The purpose of this edited collection is to act as a toolbox for educators wishing to radicalize their classroom approaches, disrupting normalized pedagogy in favour of youth voices. Today’s classrooms are ruled over by neoliberal politics, governed with a doctrine of standardization and testing. Teachers and students are forced to negotiate the political agenda of modern schooling (Pinar, 2003). The power struggle over the classroom is further complicated by the increasing corporatization of schools and the historical legacy of eurocentric models of education. From the colonization of indigenous cultures to the legislation of gendered pedagogy, classrooms are overshadowed by robotic pedagogy and curriculum that fails to recognize the culture that already exists in that space: youth culture. Through Hip Hop, gaming, dance, social media, and sport, youth find their voices, opportunities to engage in learning, and ways to teach others their knowledge. In youth engagement, we find a pedagogy of hope; as Freire states “Education either functions as an instrument which is used to facilitate integration of the younger generation into the logic of the present system and bring about conformity or it becomes the practice of freedom, the means by which men and women deal critically and creatively with reality and discover how to participate in the transformation of their world” (p.115). By creating spaces for student voices, their experiences and presenting a flipping of classroom culture, students can acknowledge and explore multiple ways of being, of reading the world and resisting oppression (Brady & Dentith, 2001; Greene, 2001).

Giroux writes, “while it is important to politicize the process of schooling . . . what is also needed to supplement this view is an ennobling imaginative vision that takes us beyond the given and commonplace” (On Critical Pedagogy, p. 39)

2) Goals:

We envision classroom philosophies that practice from the perspective of students, working from their culturally appropriated spaces. We strive for radical classrooms, and non-classrooms, that engage in everyday youth pedagogy, that create opportunities for othered voices to be heard, and that decolonize traditional models of schooling. Rather than thinking from the perspective of theory and education from the top-down, we are thinking from the perspective of students, and their culturally appropriated spaces. How can their culture inform our pedagogy in the classroom? We are attempting to work in the ‘cracks’ of equity education – such as how gender or First Nations work and perspectives overcome often being relegated to the cracks of education research (Bush, 2003). In essence, we see collecting research that reflects these practices as creating a toolbox for educators to guide them into a radical pedagogy of youth culture.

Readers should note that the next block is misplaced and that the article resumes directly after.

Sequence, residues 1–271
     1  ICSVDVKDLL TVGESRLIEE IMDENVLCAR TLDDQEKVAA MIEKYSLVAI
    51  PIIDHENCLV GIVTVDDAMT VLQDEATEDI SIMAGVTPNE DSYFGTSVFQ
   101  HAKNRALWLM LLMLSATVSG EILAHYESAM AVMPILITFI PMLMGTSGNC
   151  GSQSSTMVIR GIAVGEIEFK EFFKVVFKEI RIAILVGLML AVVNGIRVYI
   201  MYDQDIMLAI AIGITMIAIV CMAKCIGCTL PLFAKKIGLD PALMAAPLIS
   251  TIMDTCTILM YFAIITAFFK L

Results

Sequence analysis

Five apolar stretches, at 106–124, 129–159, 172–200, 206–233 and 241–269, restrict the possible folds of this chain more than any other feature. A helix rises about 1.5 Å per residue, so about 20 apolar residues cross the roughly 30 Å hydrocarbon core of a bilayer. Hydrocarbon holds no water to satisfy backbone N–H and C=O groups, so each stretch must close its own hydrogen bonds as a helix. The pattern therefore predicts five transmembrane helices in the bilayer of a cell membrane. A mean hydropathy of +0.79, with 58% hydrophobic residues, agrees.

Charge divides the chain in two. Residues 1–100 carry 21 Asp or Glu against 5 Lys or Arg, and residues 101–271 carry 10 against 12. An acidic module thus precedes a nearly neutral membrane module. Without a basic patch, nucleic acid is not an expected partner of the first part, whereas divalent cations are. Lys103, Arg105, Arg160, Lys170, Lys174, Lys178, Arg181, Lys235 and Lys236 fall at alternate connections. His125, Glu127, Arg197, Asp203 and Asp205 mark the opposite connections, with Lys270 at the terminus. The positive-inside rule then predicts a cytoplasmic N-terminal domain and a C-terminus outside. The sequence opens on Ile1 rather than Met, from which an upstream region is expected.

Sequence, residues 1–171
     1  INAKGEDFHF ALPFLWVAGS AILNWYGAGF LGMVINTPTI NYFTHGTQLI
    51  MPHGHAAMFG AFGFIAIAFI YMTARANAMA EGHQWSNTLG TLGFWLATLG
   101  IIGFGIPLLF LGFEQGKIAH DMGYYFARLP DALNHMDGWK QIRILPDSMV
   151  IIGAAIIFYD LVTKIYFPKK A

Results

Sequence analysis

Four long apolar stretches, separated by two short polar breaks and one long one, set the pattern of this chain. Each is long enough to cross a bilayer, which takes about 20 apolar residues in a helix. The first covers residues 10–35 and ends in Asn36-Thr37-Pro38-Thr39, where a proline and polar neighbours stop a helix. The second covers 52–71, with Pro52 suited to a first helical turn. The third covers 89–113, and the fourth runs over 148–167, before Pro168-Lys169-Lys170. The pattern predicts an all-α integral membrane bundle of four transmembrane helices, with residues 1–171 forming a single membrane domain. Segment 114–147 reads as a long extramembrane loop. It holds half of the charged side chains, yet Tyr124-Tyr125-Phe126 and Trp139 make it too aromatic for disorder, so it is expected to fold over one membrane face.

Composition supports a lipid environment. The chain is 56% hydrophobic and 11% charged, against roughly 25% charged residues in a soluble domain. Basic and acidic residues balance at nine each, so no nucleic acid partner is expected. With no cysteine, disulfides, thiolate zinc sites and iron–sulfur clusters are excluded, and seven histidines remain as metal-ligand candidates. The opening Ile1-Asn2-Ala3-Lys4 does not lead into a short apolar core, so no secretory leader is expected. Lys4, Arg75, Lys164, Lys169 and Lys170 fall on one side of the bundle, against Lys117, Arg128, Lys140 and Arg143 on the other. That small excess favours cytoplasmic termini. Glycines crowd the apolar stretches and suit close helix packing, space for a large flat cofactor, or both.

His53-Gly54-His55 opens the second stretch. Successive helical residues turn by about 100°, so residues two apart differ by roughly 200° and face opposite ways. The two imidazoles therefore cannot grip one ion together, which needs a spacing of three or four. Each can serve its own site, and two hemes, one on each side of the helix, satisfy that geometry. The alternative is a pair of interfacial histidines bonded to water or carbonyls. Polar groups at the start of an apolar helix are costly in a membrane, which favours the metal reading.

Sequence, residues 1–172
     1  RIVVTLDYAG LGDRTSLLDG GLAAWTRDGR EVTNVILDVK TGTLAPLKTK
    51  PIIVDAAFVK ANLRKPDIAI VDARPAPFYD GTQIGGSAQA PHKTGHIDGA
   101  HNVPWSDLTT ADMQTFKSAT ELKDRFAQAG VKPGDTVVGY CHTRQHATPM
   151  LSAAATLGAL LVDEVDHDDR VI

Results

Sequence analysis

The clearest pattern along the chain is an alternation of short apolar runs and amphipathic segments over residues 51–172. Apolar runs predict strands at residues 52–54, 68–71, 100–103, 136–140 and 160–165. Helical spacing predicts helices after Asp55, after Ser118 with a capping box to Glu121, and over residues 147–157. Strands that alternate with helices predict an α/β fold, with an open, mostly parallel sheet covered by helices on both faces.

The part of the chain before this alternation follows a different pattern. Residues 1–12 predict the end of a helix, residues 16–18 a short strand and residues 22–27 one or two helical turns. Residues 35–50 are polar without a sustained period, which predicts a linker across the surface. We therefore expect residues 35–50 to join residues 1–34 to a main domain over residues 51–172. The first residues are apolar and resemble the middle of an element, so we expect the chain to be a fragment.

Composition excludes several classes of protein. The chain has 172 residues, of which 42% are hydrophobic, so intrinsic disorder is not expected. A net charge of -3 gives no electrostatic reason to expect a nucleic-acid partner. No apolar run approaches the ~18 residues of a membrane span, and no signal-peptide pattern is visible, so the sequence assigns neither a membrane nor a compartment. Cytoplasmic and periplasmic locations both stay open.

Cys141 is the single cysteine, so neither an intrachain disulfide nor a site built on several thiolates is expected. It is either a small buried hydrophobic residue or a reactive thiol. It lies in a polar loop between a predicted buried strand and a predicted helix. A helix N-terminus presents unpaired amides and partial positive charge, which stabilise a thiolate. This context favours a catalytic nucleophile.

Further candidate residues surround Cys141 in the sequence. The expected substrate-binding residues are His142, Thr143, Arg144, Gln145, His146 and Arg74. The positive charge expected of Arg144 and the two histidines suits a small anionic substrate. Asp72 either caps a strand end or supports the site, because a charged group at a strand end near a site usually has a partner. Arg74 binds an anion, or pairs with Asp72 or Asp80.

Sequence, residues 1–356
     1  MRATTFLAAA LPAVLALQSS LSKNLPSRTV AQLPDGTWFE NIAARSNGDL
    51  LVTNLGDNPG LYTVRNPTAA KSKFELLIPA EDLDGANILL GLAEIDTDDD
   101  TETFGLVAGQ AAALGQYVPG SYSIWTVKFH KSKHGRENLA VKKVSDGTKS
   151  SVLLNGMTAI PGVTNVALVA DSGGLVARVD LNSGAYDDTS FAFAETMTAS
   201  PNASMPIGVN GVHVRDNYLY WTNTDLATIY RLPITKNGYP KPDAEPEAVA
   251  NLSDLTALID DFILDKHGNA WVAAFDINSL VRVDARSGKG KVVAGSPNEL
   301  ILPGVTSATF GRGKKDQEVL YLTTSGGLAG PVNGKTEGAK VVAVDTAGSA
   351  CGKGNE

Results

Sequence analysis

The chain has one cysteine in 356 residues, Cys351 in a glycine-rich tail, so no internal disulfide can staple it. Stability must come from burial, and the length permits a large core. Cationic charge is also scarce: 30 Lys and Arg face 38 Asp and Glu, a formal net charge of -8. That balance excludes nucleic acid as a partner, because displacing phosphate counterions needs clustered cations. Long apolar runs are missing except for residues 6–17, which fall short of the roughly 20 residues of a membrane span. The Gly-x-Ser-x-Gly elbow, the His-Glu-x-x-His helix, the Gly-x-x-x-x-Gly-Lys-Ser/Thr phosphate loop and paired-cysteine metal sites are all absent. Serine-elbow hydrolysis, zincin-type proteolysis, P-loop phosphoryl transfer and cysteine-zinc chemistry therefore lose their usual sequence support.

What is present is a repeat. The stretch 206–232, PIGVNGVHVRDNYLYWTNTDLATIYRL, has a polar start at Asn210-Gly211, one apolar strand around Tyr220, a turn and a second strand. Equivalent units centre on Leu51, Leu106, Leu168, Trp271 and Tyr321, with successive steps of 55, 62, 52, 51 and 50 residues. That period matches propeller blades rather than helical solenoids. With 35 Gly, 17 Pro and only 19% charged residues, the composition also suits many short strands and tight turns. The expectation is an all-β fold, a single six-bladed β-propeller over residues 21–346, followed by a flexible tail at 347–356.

3) Scope of invitation for papers:

We invite emerging scholars to submit chapter proposals that flip the script (Ibrahim, 2014) of schooling, focus on the possibilities of youth culture pedagogy, and engage with practice that brings youth culture into the classroom. These submissions should examine engagements with youth culture in the classroom in relation to curriculum content, teacher-student interactions, youth culture outside the classroom, and pedagogical philosophies. We invite submissions of critical perspectives on race, gender, sexuality, class, ability, indigeneity, and digital spaces that reimagine and radicalize youth pedagogical practice.

We seek diverse methodological approaches including but not limited to those that take up perspectives of ethnography, textual analyses, narrative inquiry and interpretative analyses, and/or approaches that combine one or more of these perspectives. We also welcome theoretical perspectives to studying youth culture in the classroom that include but are not limited to socioeconomic, political, cultural, feminist, posthuman, and postmodern approaches to youth culture and pedagogy.

Prospective contributors should submit a one-page overview of their proposed chapter, including a brief abstract with a description of the chapter’s central argument, and a potential list of references.

Please send all submissions and inquiries to: radicalyouthpedagogy@gmail.com

DEADLINE: March 1st, 2015